Julie Foudy played on dominant soccer teams throughout her career, winning World Cup titles and two Olympic gold medals while representing the U.S. However, the Stanford alum told GoodSport in an interview that the moments she didn’t come out on top are the ones that helped define her legacy.
“One of the greatest gifts I received through sports was failure. I discovered that failure is not that bad. You stumble, get back up and everything is going to be fine. You extract the lesson, learn from it, and move on,” Foudy said.
Foudy finished her exceptional career with 273 caps (international matches), 45 goals, and 59 assists. She’s participated in four Women’s World Cups and three olympics, claiming two World Cup titles, two Olympic gold medals and a silver medal. Foudy served as the U.S. Women’s National Team’s captain from 2000 to 2004, and was inducted into the National Soccer Hall of Fame in 2007. Her induction alongside teammate Mia Hamm was historic, becoming just the sixth and seventh women inducted in the hall and the first and only all-female class.
Foudy has continued to make as much of an impact off the field as she did on it. She served as the president of the Women’s Sports Foundation, founded by Billie Jean King to advance the lives of women and girls through sports and physical activity, from 2000 to 2002, and on their board of directors for seven years.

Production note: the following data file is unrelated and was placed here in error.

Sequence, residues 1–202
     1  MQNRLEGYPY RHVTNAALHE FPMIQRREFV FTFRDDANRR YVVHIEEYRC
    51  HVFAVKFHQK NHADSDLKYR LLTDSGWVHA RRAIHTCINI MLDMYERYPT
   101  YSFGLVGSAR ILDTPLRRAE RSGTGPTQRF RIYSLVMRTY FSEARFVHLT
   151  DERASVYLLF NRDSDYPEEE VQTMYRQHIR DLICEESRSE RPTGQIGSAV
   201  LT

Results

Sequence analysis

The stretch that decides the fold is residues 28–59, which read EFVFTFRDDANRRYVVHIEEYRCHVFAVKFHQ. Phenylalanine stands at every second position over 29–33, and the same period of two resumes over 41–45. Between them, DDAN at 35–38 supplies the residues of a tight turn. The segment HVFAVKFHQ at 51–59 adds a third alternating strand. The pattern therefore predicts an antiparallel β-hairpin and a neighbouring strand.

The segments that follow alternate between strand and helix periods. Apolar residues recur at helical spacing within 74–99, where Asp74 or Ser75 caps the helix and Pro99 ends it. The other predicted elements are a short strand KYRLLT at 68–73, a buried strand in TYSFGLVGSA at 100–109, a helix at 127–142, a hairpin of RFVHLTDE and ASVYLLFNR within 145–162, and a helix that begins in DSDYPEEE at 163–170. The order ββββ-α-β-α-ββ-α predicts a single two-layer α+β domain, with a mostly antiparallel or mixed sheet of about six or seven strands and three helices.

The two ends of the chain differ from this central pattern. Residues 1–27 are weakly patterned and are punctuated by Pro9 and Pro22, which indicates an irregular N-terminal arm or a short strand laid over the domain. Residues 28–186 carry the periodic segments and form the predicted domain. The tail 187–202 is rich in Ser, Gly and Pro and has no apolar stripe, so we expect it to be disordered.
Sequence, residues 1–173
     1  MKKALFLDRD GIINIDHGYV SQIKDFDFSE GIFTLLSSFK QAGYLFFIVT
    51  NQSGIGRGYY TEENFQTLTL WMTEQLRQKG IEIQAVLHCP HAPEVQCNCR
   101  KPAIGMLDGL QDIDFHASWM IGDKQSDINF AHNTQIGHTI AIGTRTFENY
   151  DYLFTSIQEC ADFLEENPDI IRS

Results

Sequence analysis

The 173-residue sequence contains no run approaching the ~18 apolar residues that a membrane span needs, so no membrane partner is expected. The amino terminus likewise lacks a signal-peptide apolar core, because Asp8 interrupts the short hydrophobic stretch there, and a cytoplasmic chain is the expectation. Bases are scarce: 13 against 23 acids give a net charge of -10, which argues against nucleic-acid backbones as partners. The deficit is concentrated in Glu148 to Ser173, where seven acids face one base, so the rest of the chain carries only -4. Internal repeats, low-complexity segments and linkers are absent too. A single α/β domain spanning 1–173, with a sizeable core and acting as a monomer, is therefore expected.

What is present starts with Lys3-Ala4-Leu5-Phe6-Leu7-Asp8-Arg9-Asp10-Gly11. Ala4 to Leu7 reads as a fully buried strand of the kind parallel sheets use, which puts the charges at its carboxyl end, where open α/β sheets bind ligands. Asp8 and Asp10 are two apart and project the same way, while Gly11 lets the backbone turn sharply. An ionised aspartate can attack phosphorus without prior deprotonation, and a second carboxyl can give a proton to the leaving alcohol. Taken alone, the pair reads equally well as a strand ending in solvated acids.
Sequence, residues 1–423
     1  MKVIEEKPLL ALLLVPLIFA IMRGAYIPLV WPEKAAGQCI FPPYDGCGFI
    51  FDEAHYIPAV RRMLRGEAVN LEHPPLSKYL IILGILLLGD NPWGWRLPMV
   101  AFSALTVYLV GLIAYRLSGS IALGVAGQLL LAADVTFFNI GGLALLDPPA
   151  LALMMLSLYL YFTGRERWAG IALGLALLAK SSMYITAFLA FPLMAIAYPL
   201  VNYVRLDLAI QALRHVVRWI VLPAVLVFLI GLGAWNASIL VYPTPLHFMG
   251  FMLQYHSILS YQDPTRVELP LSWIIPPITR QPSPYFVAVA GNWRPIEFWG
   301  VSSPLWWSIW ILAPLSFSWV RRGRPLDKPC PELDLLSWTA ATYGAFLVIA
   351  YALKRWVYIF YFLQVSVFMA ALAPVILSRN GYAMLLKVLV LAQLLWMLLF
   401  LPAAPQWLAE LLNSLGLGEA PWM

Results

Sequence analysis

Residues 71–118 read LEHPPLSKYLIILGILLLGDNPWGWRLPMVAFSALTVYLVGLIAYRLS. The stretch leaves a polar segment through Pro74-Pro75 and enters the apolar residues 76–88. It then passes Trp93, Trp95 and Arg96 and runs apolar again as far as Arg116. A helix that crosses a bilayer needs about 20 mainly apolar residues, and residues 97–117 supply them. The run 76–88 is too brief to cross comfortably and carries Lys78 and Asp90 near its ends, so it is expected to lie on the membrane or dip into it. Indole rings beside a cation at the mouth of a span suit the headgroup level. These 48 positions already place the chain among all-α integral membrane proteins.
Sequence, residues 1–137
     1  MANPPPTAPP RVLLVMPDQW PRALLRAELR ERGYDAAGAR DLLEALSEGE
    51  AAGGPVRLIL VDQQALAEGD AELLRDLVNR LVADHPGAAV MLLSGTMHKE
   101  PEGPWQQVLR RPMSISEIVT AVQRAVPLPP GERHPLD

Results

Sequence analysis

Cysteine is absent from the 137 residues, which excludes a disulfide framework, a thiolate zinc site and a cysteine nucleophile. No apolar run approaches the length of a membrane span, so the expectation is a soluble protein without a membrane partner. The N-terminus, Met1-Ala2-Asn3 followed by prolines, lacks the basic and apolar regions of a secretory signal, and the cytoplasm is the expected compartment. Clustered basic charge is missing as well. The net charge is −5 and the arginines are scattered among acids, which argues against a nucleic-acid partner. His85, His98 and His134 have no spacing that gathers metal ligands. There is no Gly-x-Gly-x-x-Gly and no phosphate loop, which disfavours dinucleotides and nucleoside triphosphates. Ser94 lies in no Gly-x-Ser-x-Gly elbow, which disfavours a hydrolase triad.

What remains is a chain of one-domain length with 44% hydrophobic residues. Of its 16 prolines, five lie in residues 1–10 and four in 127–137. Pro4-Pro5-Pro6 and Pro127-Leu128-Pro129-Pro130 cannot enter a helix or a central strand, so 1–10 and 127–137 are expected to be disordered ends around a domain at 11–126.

In 2006, she co-founded the Julie Foudy Sports Leadership Academy, which combines sports training and leadership curriculum for teenage girls. The academy, which offers summer camps to girls in four different sports, aims to help participants become not only leaders in the game, but also leaders in life while having fun along the way.
“There is so much pressure for young kids to perform. If you can get a coach for them who makes it fun and positive and a good experience, kids are going to stay in sports and that’s what we want to see.”
Foudy sees a sports world filled with helicopter parents who hover over their kids during sporting events. Foudy advises parents to give their young athletes a little space to develop.
“Encourage and open the door for them, but let them run through it. We want so badly for our kids to be successful that we end up putting so much pressure on them. Parents should step back and let their kids find the joy in what they are doing.”
A big part of achieving that joy, Foudy says, is giving kids the opportunity to try different sports.
“I will always advocate playing multiple sports. When kids specialize in one sport they run the risk of injury and burnout. If kids are playing the same sport over and over it can be mentally draining and they can get bored and end up quitting.”
Most recently, Foudy joined entrepreneurs, celebrities, and some of her former teammates as the founding investor group that is bringing a new NWSL team to Los Angeles in 2022. She wanted to make an impact for future generations and inspire her community.
“That is what’s most exciting for us as players, too — we’re able to give back to this next generation and continue to support the sport, support this league, and even, given the times, provide a great community outreach for Los Angeles as well,” Foudy told the LA Times.
That is gold medal advice from an Olympian and amazing role model. For all sports parents out there, we highly recommend Julie Foudy’s book, Choose to Matter: Being Courageously and Fabulously YOU, and her podcast Laughter Permitted with Julie Foudy through ESPN’s network.
Photo Credits: Twitter, Google Reuse